As we know under standard VAT accounting VAT is charged on goods & services usually at one of the three VAT rates, and is recovered to the extent that it relates to taxable purchases. The business then pay over, or reclaim, the difference between the two in a reporting period. Here are some pointers.
To be eligible to join the scheme the business must have a VAT taxable turnover, exclusive of VAT, of £150,000 or less. They remain eligible for the scheme until their total business income exceeds £230,000. A business cannot join the scheme if they:
- have been in the scheme in the previous 12 months;
- use one of the margin schemes for second hand goods, art antiques and collectibles, Tour Operators Margin Scheme, or Capital Goods Scheme;
- are, or have been within the previous 24 months, eligible to join an existing VAT group or registered for VAT as a division of a larger business;
- are closely associated with another business; or
- have been convicted of a VAT offence or charged a penalty for VAT evasion in the last year.
The Flat Rate Scheme allows a trader to pay a flat rate of VAT, based on his trade, calculated from his sales. This can allow a trader the ability to save time and help smooth cash flow. As there is no need to record each transaction in a VAT ledger you can save time in your book keeping. Do note, however, this doesn’t change the invoicing requirements relating to VAT! Also, as the VAT payable is purely based on what your client has traded, there are fewer rules to follow. This means you no longer have to worry about what expenses they can reclaim and which are blocked. And in your client’s first year of registration they get a 1% discount in the rate payable, offering an actual cash discount to them.
Of course, as with all VAT schemes there are winners and losers in opting to follow the Flat Rate Scheme. As it looks at an average trader within a sector, and accounts for zero and exempt sales within its percentage calculation, any client making a lot of zero rated or exempt sales, or any trader who would generally receive a VAT repayment under standard VAT accounting will probably find the scheme offers them no advantage. Likewise a client who purchases a lot of items at standard rate may find that as they cannot reclaim VAT on their purchases it doesn’t offer a fiscal incentive.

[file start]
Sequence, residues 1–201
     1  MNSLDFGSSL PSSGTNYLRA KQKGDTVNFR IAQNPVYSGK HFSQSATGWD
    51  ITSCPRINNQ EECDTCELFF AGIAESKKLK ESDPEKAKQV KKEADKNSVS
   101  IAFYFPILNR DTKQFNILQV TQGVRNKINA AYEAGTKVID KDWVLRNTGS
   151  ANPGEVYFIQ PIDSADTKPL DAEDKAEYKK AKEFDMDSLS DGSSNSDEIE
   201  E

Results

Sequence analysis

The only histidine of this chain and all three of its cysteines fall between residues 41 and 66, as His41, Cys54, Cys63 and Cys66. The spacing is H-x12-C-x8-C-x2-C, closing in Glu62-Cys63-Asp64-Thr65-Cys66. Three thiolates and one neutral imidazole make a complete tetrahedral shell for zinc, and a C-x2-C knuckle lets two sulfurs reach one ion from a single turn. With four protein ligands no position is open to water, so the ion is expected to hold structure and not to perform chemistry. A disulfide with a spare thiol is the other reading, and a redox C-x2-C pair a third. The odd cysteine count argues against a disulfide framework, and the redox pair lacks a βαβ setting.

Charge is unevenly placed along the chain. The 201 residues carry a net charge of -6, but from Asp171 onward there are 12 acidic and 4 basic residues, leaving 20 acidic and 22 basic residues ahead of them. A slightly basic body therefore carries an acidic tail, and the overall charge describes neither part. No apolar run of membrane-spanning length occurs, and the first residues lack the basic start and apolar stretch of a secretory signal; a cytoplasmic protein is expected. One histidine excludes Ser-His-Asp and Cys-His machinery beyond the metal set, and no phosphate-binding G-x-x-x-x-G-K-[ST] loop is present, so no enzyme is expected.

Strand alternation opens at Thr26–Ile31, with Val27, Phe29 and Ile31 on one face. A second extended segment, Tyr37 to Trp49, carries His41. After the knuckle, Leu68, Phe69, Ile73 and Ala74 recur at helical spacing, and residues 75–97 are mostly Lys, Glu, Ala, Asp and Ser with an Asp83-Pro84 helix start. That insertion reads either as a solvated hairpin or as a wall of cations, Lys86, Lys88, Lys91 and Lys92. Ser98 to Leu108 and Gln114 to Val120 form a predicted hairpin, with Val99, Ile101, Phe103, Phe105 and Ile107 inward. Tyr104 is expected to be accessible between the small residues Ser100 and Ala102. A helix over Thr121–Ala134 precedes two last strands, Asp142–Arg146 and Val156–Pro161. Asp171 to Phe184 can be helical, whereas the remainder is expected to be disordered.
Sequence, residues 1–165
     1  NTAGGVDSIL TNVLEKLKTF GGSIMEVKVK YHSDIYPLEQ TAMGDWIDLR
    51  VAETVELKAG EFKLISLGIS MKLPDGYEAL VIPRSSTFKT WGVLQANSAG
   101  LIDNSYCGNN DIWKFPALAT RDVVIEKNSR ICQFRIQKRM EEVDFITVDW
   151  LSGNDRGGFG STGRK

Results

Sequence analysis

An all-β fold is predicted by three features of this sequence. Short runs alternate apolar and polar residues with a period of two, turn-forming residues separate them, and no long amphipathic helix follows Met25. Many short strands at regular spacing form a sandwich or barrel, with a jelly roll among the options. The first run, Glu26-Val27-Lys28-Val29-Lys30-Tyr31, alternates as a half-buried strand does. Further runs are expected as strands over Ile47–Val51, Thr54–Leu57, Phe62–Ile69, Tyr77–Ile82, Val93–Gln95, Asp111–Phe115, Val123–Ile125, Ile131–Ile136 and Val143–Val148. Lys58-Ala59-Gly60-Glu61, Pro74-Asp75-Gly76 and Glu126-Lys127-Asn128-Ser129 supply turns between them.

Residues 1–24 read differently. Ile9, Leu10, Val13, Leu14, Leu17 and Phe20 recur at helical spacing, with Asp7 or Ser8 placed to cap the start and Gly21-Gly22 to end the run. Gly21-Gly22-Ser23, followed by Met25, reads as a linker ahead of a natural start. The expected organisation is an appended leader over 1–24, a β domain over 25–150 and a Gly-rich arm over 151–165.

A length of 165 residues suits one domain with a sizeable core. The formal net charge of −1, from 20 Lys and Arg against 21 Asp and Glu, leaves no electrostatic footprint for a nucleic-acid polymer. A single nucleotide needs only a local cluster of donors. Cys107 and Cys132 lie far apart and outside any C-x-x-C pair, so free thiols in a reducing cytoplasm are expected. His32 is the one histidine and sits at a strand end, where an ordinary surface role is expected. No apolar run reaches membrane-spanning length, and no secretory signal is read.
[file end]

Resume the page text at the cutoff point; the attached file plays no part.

However, any capital assets worth more than £2,000 that are purchased, you are allowed to recover the VAT on the goods. However, this then creates a VAT liability upon disposal, and there are specific rules about what would qualify.
If a business joins the Flat Rate Scheme all they need to is look at what rate their industry sector has been assigned. For example, an accountant or book keeper is currently liable for a 14.5% flat rate. This would mean that they owe VAT to the value of 14.5% of their turnover for the period, or 13.5% in their first twelve months of registration within the scheme.
Finally, there are special rules for farmers, barristers, advocates, and florists who wish to use the scheme.
In terms of areas to consider, our advice is that use of the Flat Rate Scheme should be considered prior to use and the benefits v costs established. In particular:
- • Remember all income (not just standard rated income) is included in the calculation so this has the effect of taxing exempt sales.
- A comparison between use of the FRS and standard VAT accounting is a must.
- Consider and pick the most appropriate rate and encourage clients to notify you of any changes – HMRC are unlikely to accept change of rate after the event and have case law to support this.
- Consider forthcoming purchases to ensure these are planned – whilst capital items can be claimed outside the scheme, individual items under £2,000 or large scale purchases of services (including construction services) are not, so any known large expenditure will be worth planning prior to using the scheme.
If you have any questions about the scheme, please do not hesitate to contact us.